Friday, November 9, 2018

Families--the Gift That Keeps on Giving.

     November is the Month of Giving Thanks. Everybody else saves it for Turkey-and-Football-Thursday, but we Teaching Authors take the whole month to be thankful. Cutting to the chase, I am thankful for my family. Not just my husband and daughter and extremely needy dog. I am thankful for my extended family...not only both sides of my family, but both sides of my husband's as well.
Me, my daughter and husband. Benihana wouldn't let us bring the dog.

     Whether it's luck or karma or whatever, my entire family are terrific storytellers. Not that any of them thought that of themselves. They didn't  think there was anything particularly fascinating about their lives. I beg to differ.

   It began with Mom. I loved stories. Not just the ones in books, but the ones Mom told about her childhood. To an only child like me, living on a farm with seven siblings who lived to prank the neighbors sounded exotic. Mom, who was so self conscious about writing, she wrote rough drafts of letters to her family, was a hilariously uninhibited storyteller. The first stories I ever wrote were based on Mom's childhood.  She hooked me on writing and family stories.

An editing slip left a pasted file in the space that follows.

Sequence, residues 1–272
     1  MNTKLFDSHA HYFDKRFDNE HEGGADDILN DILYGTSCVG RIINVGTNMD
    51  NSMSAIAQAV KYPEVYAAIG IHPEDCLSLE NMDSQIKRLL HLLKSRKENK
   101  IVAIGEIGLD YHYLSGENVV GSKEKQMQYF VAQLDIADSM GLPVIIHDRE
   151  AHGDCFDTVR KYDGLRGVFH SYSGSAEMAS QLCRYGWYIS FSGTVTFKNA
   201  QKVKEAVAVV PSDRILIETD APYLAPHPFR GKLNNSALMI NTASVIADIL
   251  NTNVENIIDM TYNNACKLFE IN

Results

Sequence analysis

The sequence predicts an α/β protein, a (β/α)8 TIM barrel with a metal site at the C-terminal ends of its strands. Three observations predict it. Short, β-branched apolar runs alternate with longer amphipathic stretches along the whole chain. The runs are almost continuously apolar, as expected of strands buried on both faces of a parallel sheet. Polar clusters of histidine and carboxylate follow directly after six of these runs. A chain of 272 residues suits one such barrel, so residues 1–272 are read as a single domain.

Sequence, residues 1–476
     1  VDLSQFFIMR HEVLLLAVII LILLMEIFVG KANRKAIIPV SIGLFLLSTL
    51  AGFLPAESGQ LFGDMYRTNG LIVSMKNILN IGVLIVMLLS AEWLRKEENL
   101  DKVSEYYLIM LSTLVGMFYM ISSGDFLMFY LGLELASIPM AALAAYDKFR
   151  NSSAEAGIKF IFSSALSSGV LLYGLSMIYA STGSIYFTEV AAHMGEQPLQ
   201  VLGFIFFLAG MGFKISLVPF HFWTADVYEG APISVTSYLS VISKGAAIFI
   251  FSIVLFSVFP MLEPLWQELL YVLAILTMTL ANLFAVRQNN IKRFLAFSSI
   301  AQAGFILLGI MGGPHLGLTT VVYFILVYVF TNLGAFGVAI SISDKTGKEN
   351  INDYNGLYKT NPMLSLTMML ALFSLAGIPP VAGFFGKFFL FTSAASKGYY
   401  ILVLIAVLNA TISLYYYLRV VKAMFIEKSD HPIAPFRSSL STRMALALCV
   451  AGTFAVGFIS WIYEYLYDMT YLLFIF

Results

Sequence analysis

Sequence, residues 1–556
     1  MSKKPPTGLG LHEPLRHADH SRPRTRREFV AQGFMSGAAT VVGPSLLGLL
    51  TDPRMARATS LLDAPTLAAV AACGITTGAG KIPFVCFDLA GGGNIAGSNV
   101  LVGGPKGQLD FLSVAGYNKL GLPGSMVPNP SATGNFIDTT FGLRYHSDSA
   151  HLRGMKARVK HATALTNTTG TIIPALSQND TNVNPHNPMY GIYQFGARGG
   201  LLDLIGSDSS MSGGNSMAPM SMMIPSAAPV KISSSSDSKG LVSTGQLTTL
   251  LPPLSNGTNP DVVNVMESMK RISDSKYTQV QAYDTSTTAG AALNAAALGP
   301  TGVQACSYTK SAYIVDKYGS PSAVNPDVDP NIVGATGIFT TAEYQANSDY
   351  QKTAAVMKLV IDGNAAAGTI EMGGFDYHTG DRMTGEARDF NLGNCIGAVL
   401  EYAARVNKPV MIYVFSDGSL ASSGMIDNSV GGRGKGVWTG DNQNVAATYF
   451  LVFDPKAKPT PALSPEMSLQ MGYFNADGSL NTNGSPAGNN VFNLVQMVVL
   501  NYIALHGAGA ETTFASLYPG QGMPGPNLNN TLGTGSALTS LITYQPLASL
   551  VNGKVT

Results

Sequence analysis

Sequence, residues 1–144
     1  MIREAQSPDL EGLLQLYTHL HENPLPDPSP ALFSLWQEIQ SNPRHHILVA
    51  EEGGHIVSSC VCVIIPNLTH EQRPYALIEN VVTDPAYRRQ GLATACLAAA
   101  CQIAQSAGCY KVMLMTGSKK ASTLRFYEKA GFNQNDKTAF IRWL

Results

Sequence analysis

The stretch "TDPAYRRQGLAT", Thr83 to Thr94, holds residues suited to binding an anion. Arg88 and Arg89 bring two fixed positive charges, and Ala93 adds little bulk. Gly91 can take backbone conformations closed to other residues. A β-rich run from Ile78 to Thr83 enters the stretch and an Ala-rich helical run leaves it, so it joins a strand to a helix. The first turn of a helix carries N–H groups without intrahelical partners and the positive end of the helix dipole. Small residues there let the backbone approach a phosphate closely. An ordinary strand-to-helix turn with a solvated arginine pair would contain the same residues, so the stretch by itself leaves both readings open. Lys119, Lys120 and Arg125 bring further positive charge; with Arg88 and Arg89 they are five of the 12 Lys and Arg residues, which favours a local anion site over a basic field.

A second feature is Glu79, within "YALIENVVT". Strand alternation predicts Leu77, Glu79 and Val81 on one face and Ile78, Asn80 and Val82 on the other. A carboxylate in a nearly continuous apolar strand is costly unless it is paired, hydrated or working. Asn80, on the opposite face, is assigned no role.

From left-Mom, a visitor, Aunt Georgia, Uncle Jim. My grandfather
is behind Jim, the other adults are the parents of the boy in front.

Mom's youngest sibling was my favorite aunt, who had a unique perspective on the family.  Born when my grandmother was 45, (unimaginable in the 1920's), she was the only child at home during WWII. My mother and her brothers were in the service, one sister married, the other two working and rarely home. The stories she told me were ones my mother never knew.  Her sweet, gentle remembrances of the Pittsburgh homefront formed the core of Jimmy's Stars.
Aunts Agnes,left and Sarah, hanging laundry, 1944

Aunt Agnes as a young woman

From Mom's family, I learned the concepts of point of view and unreliable narrator.  My aunts and uncles could tell me a story I had heard from Mom, but each had a totally different take it on it. The same family tale from eight different people, and each remembered a detail the others didn't. Each felt differently about the same event. I learned that people could experience the same event, yet perceive it in a different way. In my nuclear family, there were only two sides of a story, mine and my parents. What a revelation to learn that all adults didn't see things the same way!  I learned truth could be a personal perception.
The only picture of all Mom's siblings, minus one. In front, from
left, Sarah, Mary Anne, Mom. Back, Georgia, Andy, Jim, Agnes